What did your ancestors eat, where did their food come from, did they do a supermarket shop or go to several little shops? If they lived through WWII what about rationing and how did this affect their health, diet, meals? This can be an opportunity to research and cook wartime recipes (science, nutrition, maths) or explore a ration for a week.  




Research skills: finding and evaluating evidence  


Skills developed in researching family history are life skills and provide a good grounding. We need to be able to evaluate evidence: can we trust it?

To do this we need to ask questions of information:

  • what is the source material? (e.g. birth records, census, newspaper reports, etc);
  • is the source reliable, who wrote it and why?;
  • when was it written (at the time or years later)?;
  • could it be wrong, partially correct, or accurate?;
  • can the story Uncle Fred told you about his father meeting the Tzar be relied upon? (family lore can be embroidered or misheard) 



Finding information from sources other than relatives. 


Once you and your child have exhausted older relatives you can draw on a wide range of resources to add to your research.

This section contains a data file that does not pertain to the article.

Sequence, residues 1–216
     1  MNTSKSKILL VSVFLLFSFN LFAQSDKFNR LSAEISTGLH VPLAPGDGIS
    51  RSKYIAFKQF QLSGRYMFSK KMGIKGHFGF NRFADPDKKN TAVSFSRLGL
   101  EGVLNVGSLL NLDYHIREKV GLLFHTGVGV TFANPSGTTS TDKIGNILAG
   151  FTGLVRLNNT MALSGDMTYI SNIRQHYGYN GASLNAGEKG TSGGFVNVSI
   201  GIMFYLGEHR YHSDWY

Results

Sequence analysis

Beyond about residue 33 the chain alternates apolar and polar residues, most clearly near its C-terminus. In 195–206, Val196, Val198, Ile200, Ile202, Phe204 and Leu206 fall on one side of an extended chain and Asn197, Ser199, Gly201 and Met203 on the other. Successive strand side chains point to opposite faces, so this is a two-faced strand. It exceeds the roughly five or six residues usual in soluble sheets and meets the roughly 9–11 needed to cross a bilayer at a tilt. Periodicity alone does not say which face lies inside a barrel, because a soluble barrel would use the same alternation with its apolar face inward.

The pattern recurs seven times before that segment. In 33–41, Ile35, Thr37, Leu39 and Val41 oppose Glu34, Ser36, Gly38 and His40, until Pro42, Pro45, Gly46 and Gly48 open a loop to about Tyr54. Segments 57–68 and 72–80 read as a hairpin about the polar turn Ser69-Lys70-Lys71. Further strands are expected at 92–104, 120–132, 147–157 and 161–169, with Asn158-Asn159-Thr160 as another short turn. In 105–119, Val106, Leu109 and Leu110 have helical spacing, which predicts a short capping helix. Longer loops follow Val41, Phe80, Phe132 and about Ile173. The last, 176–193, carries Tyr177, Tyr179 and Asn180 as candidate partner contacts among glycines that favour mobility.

Libraries: Lastly large city / regional libraries and/or County Archives are a rich source of information for the family researcher. They hold a range of historic documents such as Parish Registers, Workhouse admissions, newspaper archives, street directories, probate books, etc. Also, Covid allowing, many libraries provide free access to one of the pay-toview sites Ancestry OR Find My Past: these provide access to Birth Marriages and Deaths, Parish Registers, census records [1841-1911], military records, and much else. But do check before you visit as you may have to order ‘paper’ documents, or find out if you must book machines to read documents or to access Ancestry or Find My Past.


Online records 

FIRSTLY: you do not have to join one of the big paytoview sites, except if you really catch the bug. There are a lot of free websites, these are just a few to get you started: